On the 12th of this month the CDC presented an update on the 2017-2018 flu season.

On the 12th of this month the CDC presented an update on the 2017-2018 flu season. They indicated that the flu season has started early and is predominantly due to a strain of Type A flu known as H3N2. In the years that this type of influenza dominates there tend to be more severe cases, and more deaths among young people. The cases this year are similar in severity and timing to the 2012-2013 season, and not as bad as the 2014-2015 season. That season the vaccine was less effective than usual. This season the vaccine was a little better--about 30% effective by most accounts--but not the 40 percent effectiveness that is usual. The CDC has a tracking system that has been in place for 13 years, and by that measure there have been only two seasons of high severity, 2003-2004 and 2014-2015. This year is the first time, however, that every part of the continental United States has widespread flu activity.

If you get the flu you may--or you may not--benefit from an antiviral drug such as the brand name Tamiflu. The CDC recommends that not everyone needs to get antiviral drugs, but there are certain people who should, "People who are very sick or people with flu symptoms who are high-risk for serious flu complications should be treated as soon as possible with flu antiviral drugs. Who are those people? That means people that are 65 and older. It means young children. It means people with chronic conditions like diabetes, heart disease or asthma. It means pregnant women and others more vulnerable to serious flu illness. Clinicians should not wait for confirmed testing, but they should begin treatment if they suspect flu in a severely ill or high-risk patient." Flu screening tests are not always available, and have at least a 10 percent false negative rate. In other words, if 10 people who actually do have the flu are screened with one of these office tests, one of these 10--on average--will test negative. There are side effects from antiviral medications, which is the main reason that I do not prescribe them to everyone that has the flu. These side effects most commonly are headache, nausea, vomiting and diarrhea. However, there are serious reactions including delirium and bizarre behavior in addition to allergic and other immunologic reactions.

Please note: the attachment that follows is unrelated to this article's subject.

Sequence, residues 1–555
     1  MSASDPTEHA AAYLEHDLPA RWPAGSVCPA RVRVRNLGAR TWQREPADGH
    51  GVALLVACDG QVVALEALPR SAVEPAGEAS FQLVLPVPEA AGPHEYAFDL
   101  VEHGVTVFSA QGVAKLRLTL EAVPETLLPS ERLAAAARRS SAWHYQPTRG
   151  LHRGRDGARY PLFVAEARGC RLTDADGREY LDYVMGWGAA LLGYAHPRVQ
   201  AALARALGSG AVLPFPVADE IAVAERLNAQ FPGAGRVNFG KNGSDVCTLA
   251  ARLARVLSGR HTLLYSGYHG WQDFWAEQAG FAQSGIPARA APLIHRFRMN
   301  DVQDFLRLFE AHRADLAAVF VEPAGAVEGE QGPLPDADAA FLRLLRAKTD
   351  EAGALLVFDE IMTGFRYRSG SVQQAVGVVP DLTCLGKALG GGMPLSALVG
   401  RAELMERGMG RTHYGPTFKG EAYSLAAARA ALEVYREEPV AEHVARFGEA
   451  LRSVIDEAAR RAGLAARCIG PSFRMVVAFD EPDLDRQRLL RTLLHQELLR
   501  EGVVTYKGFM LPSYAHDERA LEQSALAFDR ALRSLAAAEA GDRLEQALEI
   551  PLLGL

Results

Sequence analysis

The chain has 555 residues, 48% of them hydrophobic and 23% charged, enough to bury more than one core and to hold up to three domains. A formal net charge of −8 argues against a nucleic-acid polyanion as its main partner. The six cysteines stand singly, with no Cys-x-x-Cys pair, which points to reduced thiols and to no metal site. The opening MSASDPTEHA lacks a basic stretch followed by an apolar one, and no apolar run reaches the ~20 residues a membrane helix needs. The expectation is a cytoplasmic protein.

At their meeting, some in the CDC expressed the opinion that we may have already seen the peak in flu activity for the season. We hope that is true. So far the flu has been mostly Type A H3N2, but as time passes, Type B is becoming more common. The practical significance of this is that you can get the flu more than once this year. Even though catching the predominant H3N2 strain will give you immunity from that strain, you can catch Type B or another strain of Type A. So it is not too late to get the vaccine, if you haven't. Also there are things that you can do to keep healthy. Stay away from people who are sick, either by encouraging them to stay home or avoiding the places they go. Also stay well hydrated, as it makes the mucosal surfaces in your body healthier and better able to resist the virus. Get plenty of sleep and do the other things that promote a healthy immune system, such as getting proper nutrition and avoiding or reducing emotional stress. Finally, the drugs such as Tamiflu can be used prophylactically, usually for 10 days at a time, but in some cases for up to 12 weeks in order to try and prevent the flu.

This article is intended to provide general information only, and is not to be taken as medical advice. For advice about a particular case or situation, consult your own physician or other trusted health professional.

Dr. Bundrant is the chief of staff at Ballinger Memorial Hospital. He is a member of the Health and Wellness Coalition of Runnels County which is comprised of health care professionals throughout the county. Members meet on the first Thursday of the first full week of the month.